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“Stop messing around with me, or I’m making you drive.”

My smile died. “Not funny, Joyce.”

“Oh, shit, Sal, I’m sorry,” said Joyce, immediately seeing that she had gone too far. She leaned over to touch my shoulder, adding, “I just keep thinking it’s been long enough. I’m sorry.”

“I’ll tell you when it’s been long enough, okay? Just… for right now, please, no more jokes about making me drive.”

Joyce nodded, biting her lip.

I somehow forced myself to smile. “It’s not that bad. Don’t American social norms mean that younger siblings are normally fighting to be the ones behind the wheel?” Not that I was that comfortable having Joyce drive me anywhere. According to her driving history, she’d been in six minor accidents and received eleven speeding tickets since she got her license. It wasn’t the sort of thing that inspired confidence. But if I was going to be a good sister, I was going to let her drive me to the mall.

“Every time I think you’re halfway back to normal, you go and say something like that.” Joyce rolled her eyes, distress forgotten in favor of making sure I realized how weird I was. That had been the idea. “You get your coat. I’ll get the keys.”

“I’m on it,” I said, turning toward my room. Dwelling on my upcoming appointment wasn’t doing me any good, and maybe Joyce was right. Maybe commerce would do the trick.

After an hour at the mall, I was absolutely certain of one thing: Joyce was wrong. My feet hurt, my shoulders ached from carrying Joyce’s bags—something I hadn’t volunteered to do, but seemed to be doing all the same—and I was starting to think longingly of the isolation room back at the shelter. It was hot and snug and always smelled like cats, and it would have been paradise compared to the food court at the San Bruno Mall.

Worst of all, the outing wasn’t doing anything to take my mind off my upcoming visit to SymboGen. If anything, it was making me dwell on it more, since the mall wasn’t giving me anything better to think about. Except for maybe going home.

I’d been sitting by myself for almost fifteen minutes, ostensibly guarding Joyce’s many purchases, when she came flouncing back through the crowd and placed an Orange Julius cup in front of me with a grand flourish. “Ta-da!”

I raised an eyebrow.

“What?” She frowned. “You’re supposed to be overcome with gratitude. I hunted and killed that smoothie for you.”

“My hero,” I deadpanned.

“I think you mean ‘heroine.’ Heroes are male.”

“Whatever.” I shook my head. “I’m sorry, Joyce. I’m not trying to be a spoilsport.”

“Yet somehow, you’re still managing to do an excellent job.” Joyce flopped into a plastic chair, propping her chin on her knuckles. “You wanna tell me why this SymboGen trip has you all f**ked in the head, as opposed to all the other ones?”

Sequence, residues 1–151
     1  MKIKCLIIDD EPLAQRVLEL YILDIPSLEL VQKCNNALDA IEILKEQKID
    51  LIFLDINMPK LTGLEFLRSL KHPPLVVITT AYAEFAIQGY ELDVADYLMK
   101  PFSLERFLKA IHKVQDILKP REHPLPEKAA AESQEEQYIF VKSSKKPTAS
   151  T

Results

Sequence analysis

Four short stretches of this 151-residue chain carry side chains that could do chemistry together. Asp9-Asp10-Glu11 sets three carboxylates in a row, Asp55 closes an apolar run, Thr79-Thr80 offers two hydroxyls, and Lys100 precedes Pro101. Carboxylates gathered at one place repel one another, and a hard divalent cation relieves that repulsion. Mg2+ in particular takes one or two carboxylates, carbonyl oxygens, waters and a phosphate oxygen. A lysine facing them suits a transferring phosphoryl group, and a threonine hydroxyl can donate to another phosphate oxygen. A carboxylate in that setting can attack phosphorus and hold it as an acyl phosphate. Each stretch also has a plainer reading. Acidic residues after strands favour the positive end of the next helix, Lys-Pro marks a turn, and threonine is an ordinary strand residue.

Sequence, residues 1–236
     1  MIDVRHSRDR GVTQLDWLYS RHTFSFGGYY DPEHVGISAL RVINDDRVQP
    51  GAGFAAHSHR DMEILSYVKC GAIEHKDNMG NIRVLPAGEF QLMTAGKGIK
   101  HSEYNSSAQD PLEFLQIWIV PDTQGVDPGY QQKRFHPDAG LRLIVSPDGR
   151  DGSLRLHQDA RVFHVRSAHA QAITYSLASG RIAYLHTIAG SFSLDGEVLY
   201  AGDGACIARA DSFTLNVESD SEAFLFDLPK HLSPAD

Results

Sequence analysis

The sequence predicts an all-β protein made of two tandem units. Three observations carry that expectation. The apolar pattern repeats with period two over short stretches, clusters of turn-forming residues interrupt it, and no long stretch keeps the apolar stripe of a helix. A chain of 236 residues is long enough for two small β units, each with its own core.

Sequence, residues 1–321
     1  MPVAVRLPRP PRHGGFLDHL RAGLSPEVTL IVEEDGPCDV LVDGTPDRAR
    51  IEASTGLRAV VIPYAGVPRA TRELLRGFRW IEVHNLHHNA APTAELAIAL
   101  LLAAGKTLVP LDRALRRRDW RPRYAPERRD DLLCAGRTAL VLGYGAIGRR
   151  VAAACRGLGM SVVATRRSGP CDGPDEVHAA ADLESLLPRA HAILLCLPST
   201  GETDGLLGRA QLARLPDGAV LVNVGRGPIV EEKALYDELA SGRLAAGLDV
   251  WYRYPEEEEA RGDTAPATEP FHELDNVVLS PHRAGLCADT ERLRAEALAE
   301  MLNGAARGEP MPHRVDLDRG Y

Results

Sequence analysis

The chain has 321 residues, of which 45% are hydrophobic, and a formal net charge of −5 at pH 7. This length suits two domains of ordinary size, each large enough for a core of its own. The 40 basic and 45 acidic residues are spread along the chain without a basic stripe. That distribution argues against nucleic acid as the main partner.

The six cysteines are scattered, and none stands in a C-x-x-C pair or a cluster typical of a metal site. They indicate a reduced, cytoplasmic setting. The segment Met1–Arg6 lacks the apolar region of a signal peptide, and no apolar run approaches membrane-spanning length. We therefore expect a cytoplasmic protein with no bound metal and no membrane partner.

I sighed, taking the lid off my smoothie and swirling my straw through the thick orange goo. “I had another fight with Mom.”

Out of the corner of my eye, I saw Joyce wince. “The moving out thing?”

“The moving out thing,” I confirmed. “Until SymboGen says I’m both healthy and mentally stable, she’s not going to let me move out.” For most adults, “let” wouldn’t matter. For me… there had been a period following my accident when I wasn’t expected ever to recover the ability to make my own decisions. My parents had been granted conservatorship over me until such time as my doctors judged me fully recovered. Until SymboGen signed the papers to certify that I was both healthy and sane, “let” was the only word that mattered. I couldn’t do anything my parents didn’t want to let me do.

“It could be worse,” Joyce said.

“Sure. They could decide not to let me go to work anymore. Or maybe they’ll decide not to let me see Nathan.” I shoved my smoothie aside. “I wouldn’t be alive if it weren’t for them. I know that. And I know that I have to let SymboGen keep studying me, because we need to understand why I didn’t die. But sometimes I’m just tired of feeling like this is my life, you know? Like this is all I get, and it’s all because of our parents, and SymboGen.”

I stopped, startled by the venom in my own voice. Even Joyce was staring at me, briefly shocked out of her normal too-cool-for-this attitude.

“I…” She stopped, reaching for the words, and tried again: “I didn’t know you felt that way.”

“Yeah, well.” I shrugged halfheartedly. “It feels like there’s no way out sometimes.”

“You’ve been so much better these last few years. It’s like you’re… it’s like you’re happy for the first time in your life. I thought that meant… I mean, you seemed happy, so I thought you had to be happy.”

“I am happy,” I said. “I’m happy that we’re friends. I know from what you’ve said, and from what everyone who knew me before the accident won’t say, that you and I didn’t always get along. I like my job. I like working with animals.”

“And Nathan?” asked Joyce, a trace of her normal insouciance creeping back.

“And Nathan,” I allowed. “I like him, too. I love him, even. So it’s not that I’m not happy. It’s just that I don’t like feeling trapped.”